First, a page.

And so when I think about that, then the focus moves from the amygdala to the prefrontal cortex in the prefrontal cortex of the brain is where empathy resides. It's where executive function and decision making resides. And so what's interesting is in the amygdala that's looking for a threat.
It pumps the hormones of cortisol and adrenaline and all the things that make us anxious and, you know, our heart rates speed up. But when we move it to where we need empathy for their need, empathy for their frustration and pain, when we move to the prefrontal cortex, it actually starts releasing serotonin, dopamine, uh, all of these chemicals that actually calm us, settle us, make us, feel relaxed.
And so you can't do it the morning of what you can, but it's easier to do it the morning of your speech. when you've been practicing your speech, you've been training your brain to go. Oh, there's the butterflies. Let me see their pain. Let me see. Where is that wound my speech can.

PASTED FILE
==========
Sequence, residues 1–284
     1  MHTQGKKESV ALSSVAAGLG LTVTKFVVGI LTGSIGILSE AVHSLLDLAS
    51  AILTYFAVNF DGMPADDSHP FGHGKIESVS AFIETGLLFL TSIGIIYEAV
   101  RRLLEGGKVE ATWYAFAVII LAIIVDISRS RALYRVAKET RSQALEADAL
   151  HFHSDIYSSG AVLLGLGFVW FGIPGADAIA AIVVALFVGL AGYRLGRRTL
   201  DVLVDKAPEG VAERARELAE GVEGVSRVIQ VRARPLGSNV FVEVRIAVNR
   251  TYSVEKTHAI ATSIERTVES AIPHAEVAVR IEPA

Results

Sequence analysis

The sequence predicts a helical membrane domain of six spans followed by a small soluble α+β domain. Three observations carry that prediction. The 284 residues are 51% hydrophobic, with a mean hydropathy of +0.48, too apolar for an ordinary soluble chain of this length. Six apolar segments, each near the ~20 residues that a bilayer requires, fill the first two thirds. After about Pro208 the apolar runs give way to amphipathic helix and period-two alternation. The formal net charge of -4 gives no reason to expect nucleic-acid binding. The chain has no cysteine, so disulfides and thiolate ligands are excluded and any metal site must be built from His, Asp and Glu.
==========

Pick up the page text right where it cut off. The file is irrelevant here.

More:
Be a bandage for or an ointment for right. It can be a soothing for them. And if I focus on that, I automatically feel that the right chemicals start pumping through my body. I calm down naturally someone will be introducing me and I will literally look out at the audience and imagine their discomfort and pain relating to my subject.
And I just say to myself, I'm here to help whoever I can. I'm here to deliver a couple of nuggets that they'll take away that will make their life better. That's my only job. My job is not to perform today. My job is to serve. I'm here in service. And when I do that. It just recontextualizes that audience.
And I find that I do much better. So I think treat the cause, which is the frame. And then the symptoms sort of take care of themselves. So
Anne: I love that so much because It's about them. Yeah. when you were speaking and I, you were going through the amygdala my blood pressure went down. I'm not kidding. I started breathing. Oh, it's like a lot calmer. And it just, it does make sense when you actually pull the empathy out of your heart.